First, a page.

Background

Pituitary adenylate cyclase-activating polypeptide (PACAP) is known as a member of a superfamily that includes vasoactive intestinal polypeptide (VIP), secretin, glucagon, gastric inhibitory polypeptide and growth hormone-releasing factor [9]. The biologically active neuropeptide exists in two amidated forms: PACAP-38, a 38-amino-acid polypeptide; and PACAP-27, a truncated form of PACAP-38 containing 27 residues [4]. Both PACAP-38 and PACAP-27 are potent in stimulating adenylate cyclase.

At least two receptor classes have been reported for PACAP in mammalian tissues: type I and type II. Type I receptors are highly selective in the recognition of PACAP, and have lower affinity for VIP. Type II receptors display similar high affinity for PACAP-27, PACAP-38 and VIP [2]. Type II (VIP-PACAP) receptors interact almost exclusively with adenylate cyclase. At least two effector systems exist for type I PACAP-preferring receptors, which can stimulate both adenylate cyclase and phospholipase C. Subsequent to phospholipase C activation via the inositol phosphate cascade, a secondary Ca2+ entry elevating cytosolic [Ca2+] follows Ca2+ mobilization [9].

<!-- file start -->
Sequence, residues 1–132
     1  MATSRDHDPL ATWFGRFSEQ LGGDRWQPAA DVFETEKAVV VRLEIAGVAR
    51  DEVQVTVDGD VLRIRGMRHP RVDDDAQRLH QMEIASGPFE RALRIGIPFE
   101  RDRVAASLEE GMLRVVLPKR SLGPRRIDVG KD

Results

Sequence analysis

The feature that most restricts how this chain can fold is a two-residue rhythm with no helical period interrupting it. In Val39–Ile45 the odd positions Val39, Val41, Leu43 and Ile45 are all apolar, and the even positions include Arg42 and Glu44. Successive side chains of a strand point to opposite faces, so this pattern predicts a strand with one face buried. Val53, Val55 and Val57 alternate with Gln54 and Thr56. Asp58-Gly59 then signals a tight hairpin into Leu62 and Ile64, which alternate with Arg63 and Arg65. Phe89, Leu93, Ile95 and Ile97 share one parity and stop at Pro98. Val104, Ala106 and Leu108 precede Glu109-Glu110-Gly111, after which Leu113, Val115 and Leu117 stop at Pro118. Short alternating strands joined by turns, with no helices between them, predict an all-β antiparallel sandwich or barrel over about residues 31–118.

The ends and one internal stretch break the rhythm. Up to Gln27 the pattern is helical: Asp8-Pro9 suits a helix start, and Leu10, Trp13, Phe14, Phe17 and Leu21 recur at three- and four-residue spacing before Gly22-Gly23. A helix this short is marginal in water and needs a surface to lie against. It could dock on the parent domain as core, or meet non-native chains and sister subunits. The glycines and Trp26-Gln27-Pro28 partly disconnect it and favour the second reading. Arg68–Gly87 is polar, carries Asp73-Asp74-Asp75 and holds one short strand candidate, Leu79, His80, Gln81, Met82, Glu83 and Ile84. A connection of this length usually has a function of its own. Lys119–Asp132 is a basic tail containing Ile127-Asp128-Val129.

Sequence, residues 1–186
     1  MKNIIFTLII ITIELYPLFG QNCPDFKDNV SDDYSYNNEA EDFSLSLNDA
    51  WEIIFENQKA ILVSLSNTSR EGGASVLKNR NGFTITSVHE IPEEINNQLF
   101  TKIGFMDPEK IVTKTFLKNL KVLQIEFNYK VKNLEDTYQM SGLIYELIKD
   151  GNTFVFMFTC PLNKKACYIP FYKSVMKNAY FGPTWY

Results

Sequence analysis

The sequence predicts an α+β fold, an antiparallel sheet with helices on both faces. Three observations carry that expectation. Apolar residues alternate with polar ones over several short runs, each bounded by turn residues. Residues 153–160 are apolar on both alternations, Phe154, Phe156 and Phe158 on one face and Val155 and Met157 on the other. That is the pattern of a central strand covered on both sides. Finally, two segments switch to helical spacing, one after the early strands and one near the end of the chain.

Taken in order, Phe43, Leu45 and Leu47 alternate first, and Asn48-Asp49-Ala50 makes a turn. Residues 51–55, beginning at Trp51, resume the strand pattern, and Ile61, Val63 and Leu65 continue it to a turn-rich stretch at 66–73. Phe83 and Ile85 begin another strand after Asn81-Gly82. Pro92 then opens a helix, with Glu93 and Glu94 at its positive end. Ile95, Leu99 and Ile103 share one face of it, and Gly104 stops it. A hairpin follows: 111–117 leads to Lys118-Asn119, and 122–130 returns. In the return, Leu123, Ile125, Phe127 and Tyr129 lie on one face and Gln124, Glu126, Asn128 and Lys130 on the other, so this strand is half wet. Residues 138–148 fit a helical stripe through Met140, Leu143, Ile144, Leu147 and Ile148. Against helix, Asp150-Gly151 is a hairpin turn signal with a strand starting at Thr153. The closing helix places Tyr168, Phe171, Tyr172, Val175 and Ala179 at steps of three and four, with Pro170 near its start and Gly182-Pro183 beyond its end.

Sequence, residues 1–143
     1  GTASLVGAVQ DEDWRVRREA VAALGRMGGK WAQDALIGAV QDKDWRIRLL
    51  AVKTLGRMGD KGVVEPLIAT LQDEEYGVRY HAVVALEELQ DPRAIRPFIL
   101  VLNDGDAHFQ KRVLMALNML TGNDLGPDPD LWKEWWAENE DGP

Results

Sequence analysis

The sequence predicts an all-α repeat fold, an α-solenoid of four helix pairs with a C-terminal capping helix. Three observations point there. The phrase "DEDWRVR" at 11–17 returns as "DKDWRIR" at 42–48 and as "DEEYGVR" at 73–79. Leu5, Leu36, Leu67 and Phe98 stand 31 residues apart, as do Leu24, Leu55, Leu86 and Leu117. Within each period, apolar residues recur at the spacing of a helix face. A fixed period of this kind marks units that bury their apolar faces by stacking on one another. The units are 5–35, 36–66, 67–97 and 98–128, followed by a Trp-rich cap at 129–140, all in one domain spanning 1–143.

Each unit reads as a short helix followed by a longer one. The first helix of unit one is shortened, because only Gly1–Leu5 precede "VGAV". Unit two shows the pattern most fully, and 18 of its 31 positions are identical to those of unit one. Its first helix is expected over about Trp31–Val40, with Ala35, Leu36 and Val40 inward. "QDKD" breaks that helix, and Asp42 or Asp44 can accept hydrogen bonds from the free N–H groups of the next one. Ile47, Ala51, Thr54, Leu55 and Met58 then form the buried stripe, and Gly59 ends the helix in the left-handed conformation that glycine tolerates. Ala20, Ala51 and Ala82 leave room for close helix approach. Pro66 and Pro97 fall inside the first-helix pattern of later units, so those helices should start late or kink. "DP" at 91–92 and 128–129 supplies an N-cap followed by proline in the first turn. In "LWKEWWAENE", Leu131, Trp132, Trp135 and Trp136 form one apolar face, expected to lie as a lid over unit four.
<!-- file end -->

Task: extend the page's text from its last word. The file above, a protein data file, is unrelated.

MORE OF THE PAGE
Recent investigations carried out in our laboratory demonstrated that PACAP-38 [5] induced dose-dependent elevations in the body temperature of rats when injected centrally. Different members of the natriuretic peptide family had a similar effect [7]. The natriuretic peptides-induced hyperthermia was abolished by the endogenous indole isatin (indole-2, 3-dione) [6]. Isatin has been found to act as an antagonist at natriuretic peptide receptors of the brain and heart, and it may well be that isatin is an endogenous inhibitor of these peptides at a central level [3]. Although the antagonism by isatin of some of the behavioral effects of ANP has been described [1], much remains to be understood concerning the interaction of isatin and neuropeptide systems.